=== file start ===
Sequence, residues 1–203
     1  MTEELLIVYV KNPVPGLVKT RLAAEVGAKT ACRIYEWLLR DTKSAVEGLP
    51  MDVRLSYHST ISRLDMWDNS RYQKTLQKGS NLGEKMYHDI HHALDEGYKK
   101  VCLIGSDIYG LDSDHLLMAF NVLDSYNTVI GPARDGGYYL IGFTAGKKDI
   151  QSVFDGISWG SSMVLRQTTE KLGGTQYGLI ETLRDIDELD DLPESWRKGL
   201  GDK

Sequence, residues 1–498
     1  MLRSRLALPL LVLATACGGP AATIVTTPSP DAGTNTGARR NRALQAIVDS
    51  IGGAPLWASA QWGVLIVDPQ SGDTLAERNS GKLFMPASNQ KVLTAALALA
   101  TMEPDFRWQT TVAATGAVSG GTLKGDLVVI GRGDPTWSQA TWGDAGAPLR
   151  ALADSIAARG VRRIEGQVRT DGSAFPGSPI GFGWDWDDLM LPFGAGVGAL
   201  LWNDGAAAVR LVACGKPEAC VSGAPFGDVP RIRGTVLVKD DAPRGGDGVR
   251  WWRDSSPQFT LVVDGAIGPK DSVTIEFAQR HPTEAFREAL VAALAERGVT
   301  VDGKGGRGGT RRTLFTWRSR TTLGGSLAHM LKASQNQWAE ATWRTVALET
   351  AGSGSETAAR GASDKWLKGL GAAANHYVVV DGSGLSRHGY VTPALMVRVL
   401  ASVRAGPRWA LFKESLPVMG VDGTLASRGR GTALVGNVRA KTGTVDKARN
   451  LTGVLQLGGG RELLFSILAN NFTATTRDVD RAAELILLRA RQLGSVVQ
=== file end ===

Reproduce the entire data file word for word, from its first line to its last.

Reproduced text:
Sequence, residues 1–203
     1  MTEELLIVYV KNPVPGLVKT RLAAEVGAKT ACRIYEWLLR DTKSAVEGLP
    51  MDVRLSYHST ISRLDMWDNS RYQKTLQKGS NLGEKMYHDI HHALDEGYKK
   101  VCLIGSDIYG LDSDHLLMAF NVLDSYNTVI GPARDGGYYL IGFTAGKKDI
   151  QSVFDGISWG SSMVLRQTTE KLGGTQYGLI ETLRDIDELD DLPESWRKGL
   201  GDK

Sequence, residues 1–498
     1  MLRSRLALPL LVLATACGGP AATIVTTPSP DAGTNTGARR NRALQAIVDS
    51  IGGAPLWASA QWGVLIVDPQ SGDTLAERNS GKLFMPASNQ KVLTAALALA
   101  TMEPDFRWQT TVAATGAVSG GTLKGDLVVI GRGDPTWSQA TWGDAGAPLR
   151  ALADSIAARG VRRIEGQVRT DGSAFPGSPI GFGWDWDDLM LPFGAGVGAL
   201  LWNDGAAAVR LVACGKPEAC VSGAPFGDVP RIRGTVLVKD DAPRGGDGVR
   251  WWRDSSPQFT LVVDGAIGPK DSVTIEFAQR HPTEAFREAL VAALAERGVT
   301  VDGKGGRGGT RRTLFTWRSR TTLGGSLAHM LKASQNQWAE ATWRTVALET
   351  AGSGSETAAR GASDKWLKGL GAAANHYVVV DGSGLSRHGY VTPALMVRVL
   401  ASVRAGPRWA LFKESLPVMG VDGTLASRGR GTALVGNVRA KTGTVDKARN
   451  LTGVLQLGGG RELLFSILAN NFTATTRDVD RAAELILLRA RQLGSVVQ